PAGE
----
In New Mexico Judicial Foreclosure Is The Typical Route

Some states provide a non-judicial route to the foreclosure of residential homes. The State of New Mexico has this option, but it is rarely used. Generally, in judicial foreclosure, a court decrees the amount of the borrower’s debt and gives him or her a short time to pay. If the borrower fails to pay within that time, a notice of sale is then published.

The notice of sale has to include the legal description of the property and state the place, the time and the date, which must be no less than thirty one (31) days after the judgement is issued, on which the foreclosure sale is to be held. The property will then be sold to the highest bidder on the date specified in the notice.

But the borrower may have another opportunity to get his or her home back. In most cases, the borrower has at least one (1) month and can have up to nine (9) months to redeem the property by paying the amount of the highest bid at the foreclosure sale, plus costs and interest. In that event, the borrower will have incurred a likely loss, at least in the short-term, as payment of the highest bidder will be much more costly, in most instances, than staying current on the mortgage prior to the foreclosure. (Not to mention the anxiety associated with losing your home and the inconvenience of possibly having to relocate.) This underscores the incentive to prevent the process from getting that far. Engaging a foreclosure attorney prior to the judicial foreclosure to negotiate with the mortgage holder can often be much less costly and stressful.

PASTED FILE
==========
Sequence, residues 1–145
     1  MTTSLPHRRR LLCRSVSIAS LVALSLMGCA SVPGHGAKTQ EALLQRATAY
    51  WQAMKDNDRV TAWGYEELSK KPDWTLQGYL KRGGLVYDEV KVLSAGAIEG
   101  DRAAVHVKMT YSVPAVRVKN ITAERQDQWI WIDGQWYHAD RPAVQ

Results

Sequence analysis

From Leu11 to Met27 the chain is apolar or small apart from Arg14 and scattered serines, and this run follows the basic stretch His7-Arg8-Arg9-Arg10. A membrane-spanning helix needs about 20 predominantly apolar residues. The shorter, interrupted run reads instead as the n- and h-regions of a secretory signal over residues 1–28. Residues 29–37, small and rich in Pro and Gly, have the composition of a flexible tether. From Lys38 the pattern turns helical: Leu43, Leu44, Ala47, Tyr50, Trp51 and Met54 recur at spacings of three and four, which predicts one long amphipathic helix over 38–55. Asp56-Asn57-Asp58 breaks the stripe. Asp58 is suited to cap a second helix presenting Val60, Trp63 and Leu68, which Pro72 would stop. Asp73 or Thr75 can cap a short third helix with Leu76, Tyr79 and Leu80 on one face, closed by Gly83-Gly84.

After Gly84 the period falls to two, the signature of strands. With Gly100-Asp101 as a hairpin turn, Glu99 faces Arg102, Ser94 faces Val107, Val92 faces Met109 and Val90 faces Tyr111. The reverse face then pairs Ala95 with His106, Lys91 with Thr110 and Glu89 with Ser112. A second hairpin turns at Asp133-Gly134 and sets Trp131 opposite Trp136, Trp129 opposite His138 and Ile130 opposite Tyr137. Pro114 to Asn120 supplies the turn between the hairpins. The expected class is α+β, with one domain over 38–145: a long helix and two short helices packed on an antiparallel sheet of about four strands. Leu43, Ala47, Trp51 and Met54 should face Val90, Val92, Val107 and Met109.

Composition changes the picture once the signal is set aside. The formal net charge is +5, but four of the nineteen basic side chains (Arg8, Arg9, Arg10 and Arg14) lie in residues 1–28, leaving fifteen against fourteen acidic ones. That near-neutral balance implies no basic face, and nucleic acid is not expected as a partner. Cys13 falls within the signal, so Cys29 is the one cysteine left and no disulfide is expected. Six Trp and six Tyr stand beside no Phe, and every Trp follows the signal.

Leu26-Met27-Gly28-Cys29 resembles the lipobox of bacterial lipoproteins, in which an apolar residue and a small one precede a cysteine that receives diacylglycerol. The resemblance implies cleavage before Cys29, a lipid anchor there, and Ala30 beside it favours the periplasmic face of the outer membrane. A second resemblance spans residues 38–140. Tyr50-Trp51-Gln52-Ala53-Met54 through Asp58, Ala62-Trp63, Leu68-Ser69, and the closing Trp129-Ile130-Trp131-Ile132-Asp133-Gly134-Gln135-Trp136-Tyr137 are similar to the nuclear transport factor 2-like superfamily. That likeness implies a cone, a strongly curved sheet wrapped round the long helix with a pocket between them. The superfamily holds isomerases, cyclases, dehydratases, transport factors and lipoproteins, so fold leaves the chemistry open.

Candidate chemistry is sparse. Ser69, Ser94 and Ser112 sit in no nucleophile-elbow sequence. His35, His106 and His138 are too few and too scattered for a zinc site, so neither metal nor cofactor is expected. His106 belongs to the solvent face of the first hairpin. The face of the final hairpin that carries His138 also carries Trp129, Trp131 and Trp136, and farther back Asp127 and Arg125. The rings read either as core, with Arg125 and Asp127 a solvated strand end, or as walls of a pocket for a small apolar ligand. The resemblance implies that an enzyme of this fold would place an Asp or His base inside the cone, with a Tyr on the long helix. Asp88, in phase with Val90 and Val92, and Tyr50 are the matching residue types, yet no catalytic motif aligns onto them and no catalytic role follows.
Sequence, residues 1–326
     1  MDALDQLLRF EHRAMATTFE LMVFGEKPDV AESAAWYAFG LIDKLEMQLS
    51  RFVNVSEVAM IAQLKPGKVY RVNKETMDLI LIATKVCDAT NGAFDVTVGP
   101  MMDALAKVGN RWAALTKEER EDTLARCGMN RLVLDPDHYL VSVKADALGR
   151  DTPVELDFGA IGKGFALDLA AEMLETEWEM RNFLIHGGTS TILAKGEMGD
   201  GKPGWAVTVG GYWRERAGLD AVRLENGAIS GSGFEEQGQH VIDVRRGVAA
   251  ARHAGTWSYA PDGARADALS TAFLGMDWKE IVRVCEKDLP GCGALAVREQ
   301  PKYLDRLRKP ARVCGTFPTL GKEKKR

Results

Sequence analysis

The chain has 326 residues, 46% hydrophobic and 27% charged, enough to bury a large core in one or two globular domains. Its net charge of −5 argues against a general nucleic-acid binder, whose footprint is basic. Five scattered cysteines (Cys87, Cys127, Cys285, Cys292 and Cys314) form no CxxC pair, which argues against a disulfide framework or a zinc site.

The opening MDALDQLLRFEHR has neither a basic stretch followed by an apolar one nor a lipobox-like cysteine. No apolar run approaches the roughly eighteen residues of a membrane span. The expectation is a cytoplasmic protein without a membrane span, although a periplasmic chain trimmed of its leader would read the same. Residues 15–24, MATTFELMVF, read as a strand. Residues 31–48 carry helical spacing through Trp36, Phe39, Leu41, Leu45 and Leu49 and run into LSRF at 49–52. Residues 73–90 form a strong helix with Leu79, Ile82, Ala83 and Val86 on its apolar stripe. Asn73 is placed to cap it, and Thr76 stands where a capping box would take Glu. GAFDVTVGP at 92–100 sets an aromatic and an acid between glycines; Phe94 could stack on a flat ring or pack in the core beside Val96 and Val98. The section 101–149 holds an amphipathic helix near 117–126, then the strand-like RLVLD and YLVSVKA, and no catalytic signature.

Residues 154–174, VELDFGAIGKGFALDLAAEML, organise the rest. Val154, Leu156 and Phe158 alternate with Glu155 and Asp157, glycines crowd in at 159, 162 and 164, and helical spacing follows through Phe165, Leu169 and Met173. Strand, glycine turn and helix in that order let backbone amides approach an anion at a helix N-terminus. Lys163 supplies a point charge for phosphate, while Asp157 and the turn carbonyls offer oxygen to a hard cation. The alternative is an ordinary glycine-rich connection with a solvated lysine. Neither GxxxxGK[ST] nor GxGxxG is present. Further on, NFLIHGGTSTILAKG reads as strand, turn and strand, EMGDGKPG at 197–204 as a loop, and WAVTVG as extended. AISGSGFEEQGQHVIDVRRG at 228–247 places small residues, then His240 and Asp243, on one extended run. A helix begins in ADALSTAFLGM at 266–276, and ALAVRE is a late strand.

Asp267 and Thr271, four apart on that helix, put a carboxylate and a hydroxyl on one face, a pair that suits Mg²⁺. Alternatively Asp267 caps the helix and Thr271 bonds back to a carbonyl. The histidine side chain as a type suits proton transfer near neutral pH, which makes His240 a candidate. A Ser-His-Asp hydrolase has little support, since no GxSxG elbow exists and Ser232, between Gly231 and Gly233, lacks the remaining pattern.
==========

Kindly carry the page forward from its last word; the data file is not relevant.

If you are facing foreclosure of your home, you may need legal advice on how to face the perilous process and/or seek to negotiate an alternative outcome. Contact Giddens & Gatton Law, P.C.  at (505) 633-6298 to set up an appointment or visit the firm’s website at Giddens & Gatton Law, P.C. is located at 10400 Academy Road N.E., Suite 350 in Albuquerque, New Mexico.